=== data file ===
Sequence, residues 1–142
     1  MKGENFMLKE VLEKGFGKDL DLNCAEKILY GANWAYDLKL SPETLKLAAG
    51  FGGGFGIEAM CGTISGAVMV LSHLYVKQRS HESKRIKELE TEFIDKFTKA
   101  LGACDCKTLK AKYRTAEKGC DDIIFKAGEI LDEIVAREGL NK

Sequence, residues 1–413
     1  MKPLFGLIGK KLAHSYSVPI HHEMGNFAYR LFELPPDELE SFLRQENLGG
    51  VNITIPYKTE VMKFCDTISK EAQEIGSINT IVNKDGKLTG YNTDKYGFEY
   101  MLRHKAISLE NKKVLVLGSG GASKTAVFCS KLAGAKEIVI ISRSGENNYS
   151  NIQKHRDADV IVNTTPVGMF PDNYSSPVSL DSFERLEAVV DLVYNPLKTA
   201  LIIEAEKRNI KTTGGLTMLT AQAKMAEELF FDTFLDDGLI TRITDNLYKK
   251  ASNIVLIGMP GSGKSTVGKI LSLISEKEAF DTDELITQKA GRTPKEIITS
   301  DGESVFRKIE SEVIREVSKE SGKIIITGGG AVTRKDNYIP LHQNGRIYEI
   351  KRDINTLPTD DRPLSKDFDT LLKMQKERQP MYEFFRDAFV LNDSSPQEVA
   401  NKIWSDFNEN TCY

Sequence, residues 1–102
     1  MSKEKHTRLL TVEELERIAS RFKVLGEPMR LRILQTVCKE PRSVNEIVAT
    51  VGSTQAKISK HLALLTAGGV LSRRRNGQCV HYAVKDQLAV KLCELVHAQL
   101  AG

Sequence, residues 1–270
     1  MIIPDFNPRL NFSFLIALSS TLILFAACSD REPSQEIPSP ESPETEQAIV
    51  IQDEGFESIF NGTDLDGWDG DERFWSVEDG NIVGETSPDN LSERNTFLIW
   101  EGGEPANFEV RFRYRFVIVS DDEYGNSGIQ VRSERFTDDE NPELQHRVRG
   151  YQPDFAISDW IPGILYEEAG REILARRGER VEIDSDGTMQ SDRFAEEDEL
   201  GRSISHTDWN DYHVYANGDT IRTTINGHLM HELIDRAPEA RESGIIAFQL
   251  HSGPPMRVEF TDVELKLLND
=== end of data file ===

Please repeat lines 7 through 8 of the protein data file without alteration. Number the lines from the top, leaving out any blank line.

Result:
    51  VNITIPYKTE VMKFCDTISK EAQEIGSINT IVNKDGKLTG YNTDKYGFEY
   101  MLRHKAISLE NKKVLVLGSG GASKTAVFCS KLAGAKEIVI ISRSGENNYS